Where to declare/initialize

Hi, I've just started processing. I can't understand where to declare and where to initialize variables. Here is a specific example of what I'm asking about. If global variables were effective over the whole program tree, why can't I declare and initialize "float d" at the same time as a global variable? (just like int x=120, int y=60, int radius=12) Processing_Question I'm not a native English speaker, so if my question is not clear, please let me know.


  • Answer ✓

    On the left, you have a local variable that is created new every time draw runs. You can not access the value of d outside of draw, and once draw ends, the variable is gone.

    In the middle, you have a global variable, In draw, you assign this global variable a value, which changes as the mouse moves, and it updated every time draw runs.

    On the right, you have a global variable again, which stores a single value. This time, however, the value is never updated once it is set! The variable is not "re-computing" the expression you've "assigned" to it - you assign it a value, not an expression. This isn't what you want.

    If you want to use d in other functions, go with the middle.

    If you don't, go with the left. Or, forget about using d entirely, and compare dist(mouseX,mouseY,x,y) with radius directly:

    if ( dist(mouseX,mouseY,,y)<radius ) {
  • Answer ✓

    In 3rd picture the other variables are constants, so their value is known by the compiler when it sees them. Line 4, however, is calling a method to set the value so the value isn't known, isn't constant.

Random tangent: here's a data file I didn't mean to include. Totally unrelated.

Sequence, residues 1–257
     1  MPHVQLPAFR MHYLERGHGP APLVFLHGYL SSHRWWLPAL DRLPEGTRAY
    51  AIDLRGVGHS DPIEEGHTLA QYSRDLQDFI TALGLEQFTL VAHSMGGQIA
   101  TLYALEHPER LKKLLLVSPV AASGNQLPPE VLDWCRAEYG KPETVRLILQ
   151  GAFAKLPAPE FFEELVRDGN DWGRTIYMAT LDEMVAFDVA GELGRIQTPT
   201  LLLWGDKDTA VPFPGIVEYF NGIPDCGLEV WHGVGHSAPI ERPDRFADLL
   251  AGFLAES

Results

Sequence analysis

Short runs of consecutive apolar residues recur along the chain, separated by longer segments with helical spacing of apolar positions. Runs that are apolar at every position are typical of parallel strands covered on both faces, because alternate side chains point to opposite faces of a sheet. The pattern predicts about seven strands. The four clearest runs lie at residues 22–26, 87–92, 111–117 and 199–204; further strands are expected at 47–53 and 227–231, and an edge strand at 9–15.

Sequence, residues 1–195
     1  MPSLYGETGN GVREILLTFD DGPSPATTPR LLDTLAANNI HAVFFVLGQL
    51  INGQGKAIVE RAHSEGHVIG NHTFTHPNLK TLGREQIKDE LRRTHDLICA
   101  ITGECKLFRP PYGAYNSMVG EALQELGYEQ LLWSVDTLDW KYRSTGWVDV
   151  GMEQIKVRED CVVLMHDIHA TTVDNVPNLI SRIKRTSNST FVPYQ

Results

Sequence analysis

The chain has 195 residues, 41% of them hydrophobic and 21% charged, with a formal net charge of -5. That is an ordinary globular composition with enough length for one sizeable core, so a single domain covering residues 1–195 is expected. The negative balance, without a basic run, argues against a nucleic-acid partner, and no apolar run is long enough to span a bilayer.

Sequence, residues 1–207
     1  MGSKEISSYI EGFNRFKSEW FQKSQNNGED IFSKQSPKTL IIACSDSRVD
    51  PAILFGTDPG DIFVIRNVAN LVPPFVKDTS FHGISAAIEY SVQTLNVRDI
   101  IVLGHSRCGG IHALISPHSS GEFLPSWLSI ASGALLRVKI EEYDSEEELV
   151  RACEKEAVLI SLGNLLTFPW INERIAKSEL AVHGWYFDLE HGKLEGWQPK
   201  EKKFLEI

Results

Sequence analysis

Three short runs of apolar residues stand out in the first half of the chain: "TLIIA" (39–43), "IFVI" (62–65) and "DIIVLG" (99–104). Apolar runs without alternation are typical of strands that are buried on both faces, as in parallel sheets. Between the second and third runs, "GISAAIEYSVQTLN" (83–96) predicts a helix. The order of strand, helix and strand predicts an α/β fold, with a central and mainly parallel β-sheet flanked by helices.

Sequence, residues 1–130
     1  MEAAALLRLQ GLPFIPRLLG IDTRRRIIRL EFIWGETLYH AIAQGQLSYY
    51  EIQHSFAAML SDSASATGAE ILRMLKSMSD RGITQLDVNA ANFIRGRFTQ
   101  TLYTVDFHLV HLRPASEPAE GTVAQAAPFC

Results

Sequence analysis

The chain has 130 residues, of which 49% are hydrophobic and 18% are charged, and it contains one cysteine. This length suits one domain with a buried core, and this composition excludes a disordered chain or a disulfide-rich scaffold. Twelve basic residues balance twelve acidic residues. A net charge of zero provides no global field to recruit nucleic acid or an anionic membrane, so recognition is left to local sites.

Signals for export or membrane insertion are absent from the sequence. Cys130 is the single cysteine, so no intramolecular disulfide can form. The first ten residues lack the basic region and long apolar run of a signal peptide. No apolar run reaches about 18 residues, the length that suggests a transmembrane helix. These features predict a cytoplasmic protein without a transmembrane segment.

• Any variable declared outside any curly braces is called a field, a.K.a. "global".
    • Otherwise it is local to the curly braces' scope.
    • If it happens to have the same name as a field, the latter is temporarily overshadowed by the former within that scope.
  • Answer ✓

    In the first picture, d isn't global, it is scoped to draw () and only available within draw ().

    In the second picture, d does have global scope and is available everywhere.

    In general it's a good idea to limit a variable's scope as much as possible, keeps things neat.

  • edited September 2015 Answer ✓

    the line

    d = dist(mouseX...............

    must be in draw()

    it is not enough to call it once;

    you must call it again and again (this is what draw() does).


    so d = dist(mouseX............... is

    • a one time command you have to call again and again

    • it is not a standing order or a rule that the sketch would automatically do forever once you said it

    as has been said.


  • ah, beaten to it by TfGuy44. in my defence it was 5:25AM where i was 8)

  • Thank you all. So, commands in the global field are processed only one time and I can't assign variables to variables in the field.(not sure this sentence makes sense) I think the problem is solved! :)

  • edited September 2015 Answer ✓

    well 1st part is correct (commands only once)

    2nd part is wrong (about the assignement)


  • edited September 2015 Answer ✓

    besides, nobody says field vars (except gotoloop), they are global vars.

  • Oh, the second part is wrong!? I'll go over again. Thanks ;;)

  • Answer ✓

    As GoToLoop pointed out

    Any variable declared outside any curly braces is called a field, a.K.a. "global".

    This perfectly true in Processing they are generally called global variables. in Java they are called fields or attributes.

    Since the Processing language is based on Java then all 3 terms describe the same thing.

  • Thank you, quark. I had totally mixed up those expressions.

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